Index Hints : query using dropped index should fail gracefully - by AaronBertrand

Status : 


Sign in
to vote
ID 345058 Comments
Status Active Workarounds
Type Suggestion Repros 1
Opened 5/20/2008 5:47:42 AM
Access Restriction Public


If I create an index, and then use a hint in a query to use that index, the query fails with:

Msg 308, Level 16, State 1, Line 1
Index 'abc' on table '' (specified in the FROM clause) does not exist.

With tools like DTA, the dropping of indexes is going to become much more common, but common sense of inspecting code for index hints is not necessarily going to get any better, until people get bitten... and even then they will probably react by only fixing the one query.

[Filed on behalf of Greg Linwood.]
Sign in to post a comment.
Posted by Dragba on 5/20/2008 at 4:54 PM
This is a major issue for ISVs that have third-parties customizing their software. Even if the core application doesn't use index hints, some customized code may. Dropping indexes becomes unmanageable risk. Unfortunately we cannot use aliases to solve this problem (at least in 2005). That would be another solution if we could create the alias for existing index that will have the same name as the index that has been dropped. Or SQL Server can simply ignore the hint which is even better.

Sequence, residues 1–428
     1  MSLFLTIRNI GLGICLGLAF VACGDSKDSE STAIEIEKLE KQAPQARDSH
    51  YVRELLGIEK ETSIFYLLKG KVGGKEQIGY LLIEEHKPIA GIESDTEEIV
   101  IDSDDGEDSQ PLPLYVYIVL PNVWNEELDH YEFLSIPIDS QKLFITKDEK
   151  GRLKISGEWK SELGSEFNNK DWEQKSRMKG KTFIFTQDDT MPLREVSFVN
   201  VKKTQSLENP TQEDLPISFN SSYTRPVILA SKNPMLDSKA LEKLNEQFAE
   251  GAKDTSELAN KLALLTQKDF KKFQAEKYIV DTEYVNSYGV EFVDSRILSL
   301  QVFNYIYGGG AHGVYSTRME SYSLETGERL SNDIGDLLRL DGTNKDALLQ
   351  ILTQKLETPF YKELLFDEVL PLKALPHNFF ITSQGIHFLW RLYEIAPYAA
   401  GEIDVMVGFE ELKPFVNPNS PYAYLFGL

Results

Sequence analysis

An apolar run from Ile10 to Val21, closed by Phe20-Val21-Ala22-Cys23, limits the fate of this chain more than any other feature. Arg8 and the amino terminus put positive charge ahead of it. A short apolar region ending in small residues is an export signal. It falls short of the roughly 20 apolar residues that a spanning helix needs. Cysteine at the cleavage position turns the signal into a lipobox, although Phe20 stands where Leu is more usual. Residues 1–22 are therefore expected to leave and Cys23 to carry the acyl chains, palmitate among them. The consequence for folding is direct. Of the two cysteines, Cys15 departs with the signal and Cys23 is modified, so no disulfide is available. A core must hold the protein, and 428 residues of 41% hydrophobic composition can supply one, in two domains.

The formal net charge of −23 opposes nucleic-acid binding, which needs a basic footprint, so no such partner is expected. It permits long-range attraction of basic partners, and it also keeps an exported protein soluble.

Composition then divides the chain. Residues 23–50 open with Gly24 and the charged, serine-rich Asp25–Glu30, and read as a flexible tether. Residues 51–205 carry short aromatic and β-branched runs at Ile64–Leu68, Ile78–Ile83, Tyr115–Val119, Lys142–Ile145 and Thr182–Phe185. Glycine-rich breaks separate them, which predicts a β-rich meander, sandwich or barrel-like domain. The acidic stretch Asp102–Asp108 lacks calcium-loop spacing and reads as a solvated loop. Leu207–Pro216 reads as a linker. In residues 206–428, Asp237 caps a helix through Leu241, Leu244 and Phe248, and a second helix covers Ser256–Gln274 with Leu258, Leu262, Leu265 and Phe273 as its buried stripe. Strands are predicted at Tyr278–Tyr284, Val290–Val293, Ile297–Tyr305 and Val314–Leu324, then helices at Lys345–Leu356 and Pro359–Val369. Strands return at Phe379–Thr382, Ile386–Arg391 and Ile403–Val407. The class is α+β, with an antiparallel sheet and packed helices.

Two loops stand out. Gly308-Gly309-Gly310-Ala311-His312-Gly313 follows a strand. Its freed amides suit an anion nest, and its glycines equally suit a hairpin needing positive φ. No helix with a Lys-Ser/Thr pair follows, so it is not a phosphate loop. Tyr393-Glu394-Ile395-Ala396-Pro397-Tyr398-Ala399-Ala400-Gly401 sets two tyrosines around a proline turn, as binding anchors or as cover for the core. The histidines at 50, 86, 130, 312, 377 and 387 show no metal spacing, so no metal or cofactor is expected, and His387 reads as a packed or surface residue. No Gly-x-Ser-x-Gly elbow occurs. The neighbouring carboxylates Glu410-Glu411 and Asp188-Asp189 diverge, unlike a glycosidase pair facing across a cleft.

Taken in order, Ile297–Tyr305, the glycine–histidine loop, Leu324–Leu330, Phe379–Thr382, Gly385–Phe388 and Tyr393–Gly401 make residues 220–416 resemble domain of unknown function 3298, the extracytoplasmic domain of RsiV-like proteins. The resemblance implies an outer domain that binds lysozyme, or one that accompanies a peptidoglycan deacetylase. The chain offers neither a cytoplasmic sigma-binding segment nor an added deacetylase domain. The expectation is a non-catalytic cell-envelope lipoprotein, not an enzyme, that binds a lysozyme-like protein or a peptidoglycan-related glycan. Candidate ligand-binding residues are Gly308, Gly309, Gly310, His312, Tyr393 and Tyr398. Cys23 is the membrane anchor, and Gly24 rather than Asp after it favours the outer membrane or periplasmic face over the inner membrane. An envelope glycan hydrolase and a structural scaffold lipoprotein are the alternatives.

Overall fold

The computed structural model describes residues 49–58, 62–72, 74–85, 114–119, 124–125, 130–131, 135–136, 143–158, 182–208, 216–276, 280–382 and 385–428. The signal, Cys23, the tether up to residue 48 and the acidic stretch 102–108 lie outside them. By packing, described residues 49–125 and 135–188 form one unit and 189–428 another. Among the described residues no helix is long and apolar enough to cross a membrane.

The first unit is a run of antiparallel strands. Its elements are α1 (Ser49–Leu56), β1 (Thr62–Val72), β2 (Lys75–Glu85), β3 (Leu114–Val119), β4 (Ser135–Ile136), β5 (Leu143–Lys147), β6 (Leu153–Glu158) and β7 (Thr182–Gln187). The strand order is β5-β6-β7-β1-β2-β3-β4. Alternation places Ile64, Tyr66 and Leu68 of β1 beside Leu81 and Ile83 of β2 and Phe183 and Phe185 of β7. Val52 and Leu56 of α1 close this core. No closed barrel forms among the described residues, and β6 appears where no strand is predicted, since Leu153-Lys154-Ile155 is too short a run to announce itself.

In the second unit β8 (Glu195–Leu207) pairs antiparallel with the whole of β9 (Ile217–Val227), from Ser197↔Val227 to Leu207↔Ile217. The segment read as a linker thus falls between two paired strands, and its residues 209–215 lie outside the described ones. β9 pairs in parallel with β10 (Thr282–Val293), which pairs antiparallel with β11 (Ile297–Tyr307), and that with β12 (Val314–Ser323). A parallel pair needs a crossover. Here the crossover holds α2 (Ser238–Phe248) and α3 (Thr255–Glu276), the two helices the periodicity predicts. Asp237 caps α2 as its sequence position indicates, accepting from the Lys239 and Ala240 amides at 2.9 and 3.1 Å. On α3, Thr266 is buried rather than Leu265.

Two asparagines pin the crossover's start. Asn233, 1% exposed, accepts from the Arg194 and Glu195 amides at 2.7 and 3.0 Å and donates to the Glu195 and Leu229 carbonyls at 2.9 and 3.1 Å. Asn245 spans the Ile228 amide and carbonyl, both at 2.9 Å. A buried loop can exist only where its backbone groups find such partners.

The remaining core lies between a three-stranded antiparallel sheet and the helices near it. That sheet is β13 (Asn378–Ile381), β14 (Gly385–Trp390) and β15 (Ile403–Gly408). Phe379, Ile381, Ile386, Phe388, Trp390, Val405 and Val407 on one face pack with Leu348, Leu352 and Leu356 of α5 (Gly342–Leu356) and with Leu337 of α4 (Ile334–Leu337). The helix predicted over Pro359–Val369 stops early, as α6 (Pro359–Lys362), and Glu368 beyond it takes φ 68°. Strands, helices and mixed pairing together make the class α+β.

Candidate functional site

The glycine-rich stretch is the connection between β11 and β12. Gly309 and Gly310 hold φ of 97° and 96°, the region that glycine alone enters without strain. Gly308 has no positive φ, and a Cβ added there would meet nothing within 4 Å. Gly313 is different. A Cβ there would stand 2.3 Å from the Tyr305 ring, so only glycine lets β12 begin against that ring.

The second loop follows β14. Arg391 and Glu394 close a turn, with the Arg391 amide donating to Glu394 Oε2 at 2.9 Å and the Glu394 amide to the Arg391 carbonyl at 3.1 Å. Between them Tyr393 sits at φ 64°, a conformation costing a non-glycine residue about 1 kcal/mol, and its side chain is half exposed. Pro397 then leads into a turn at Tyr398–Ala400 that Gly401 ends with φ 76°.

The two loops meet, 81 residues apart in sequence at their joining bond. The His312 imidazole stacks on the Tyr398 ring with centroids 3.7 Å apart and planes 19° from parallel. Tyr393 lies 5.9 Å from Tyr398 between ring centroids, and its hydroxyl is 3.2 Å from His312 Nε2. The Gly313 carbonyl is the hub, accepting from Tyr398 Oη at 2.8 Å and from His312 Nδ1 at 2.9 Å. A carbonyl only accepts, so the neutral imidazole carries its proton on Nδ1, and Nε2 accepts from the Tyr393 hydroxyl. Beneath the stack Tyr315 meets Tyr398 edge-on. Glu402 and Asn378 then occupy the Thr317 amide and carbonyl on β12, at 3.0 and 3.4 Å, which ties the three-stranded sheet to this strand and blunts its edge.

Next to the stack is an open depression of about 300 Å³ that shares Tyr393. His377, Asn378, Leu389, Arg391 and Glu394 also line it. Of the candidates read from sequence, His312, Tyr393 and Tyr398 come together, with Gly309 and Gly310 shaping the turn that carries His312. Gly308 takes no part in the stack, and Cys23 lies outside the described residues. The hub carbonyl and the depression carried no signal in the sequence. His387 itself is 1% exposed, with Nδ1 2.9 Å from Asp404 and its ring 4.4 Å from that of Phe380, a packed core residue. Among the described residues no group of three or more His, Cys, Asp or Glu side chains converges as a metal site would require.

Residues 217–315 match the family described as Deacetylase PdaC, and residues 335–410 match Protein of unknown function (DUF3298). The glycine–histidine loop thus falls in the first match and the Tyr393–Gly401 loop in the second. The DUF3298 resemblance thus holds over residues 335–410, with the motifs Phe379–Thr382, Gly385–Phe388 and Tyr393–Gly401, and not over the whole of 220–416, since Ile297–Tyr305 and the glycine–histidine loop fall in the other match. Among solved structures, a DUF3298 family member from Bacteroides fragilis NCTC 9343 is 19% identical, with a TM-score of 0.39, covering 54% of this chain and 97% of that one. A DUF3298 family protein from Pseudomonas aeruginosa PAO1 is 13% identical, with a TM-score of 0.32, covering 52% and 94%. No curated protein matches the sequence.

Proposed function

Posted by Microsoft on 5/20/2008 at 4:32 PM
I agree with the sentiment of this DCR. Failing queries when an INDEX hint can't be creates excessive dependence between the physical structure of the data and the application code. But we must find a way to provide a warning to users, e.g. through the SQL error log or a DMV or showplan, if the index hint is not honored. We'll consider this for the next release.

Note that you get the kind of behavior I described if you use USE PLAN in a plan guide. That is a possible workaround for now.

Thanks! -Eric
Posted by Michael J. Swart on 5/20/2008 at 10:09 AM
Having SQL Server behave in predictable ways is important. Improvements like this one sort of bring the db engine into a fuzzier area of behaviour. Maybe good in this case, but a slippery slope.

Consider this situation. A dba sees a query with terrible performance that is holding locks on resources everywhere. The dba fixes the query with a query hint and the index suddenly gets dropped. What's worse? An error on the query? Or a poorly performing query (with a warning) that is once again locking resources everywhere.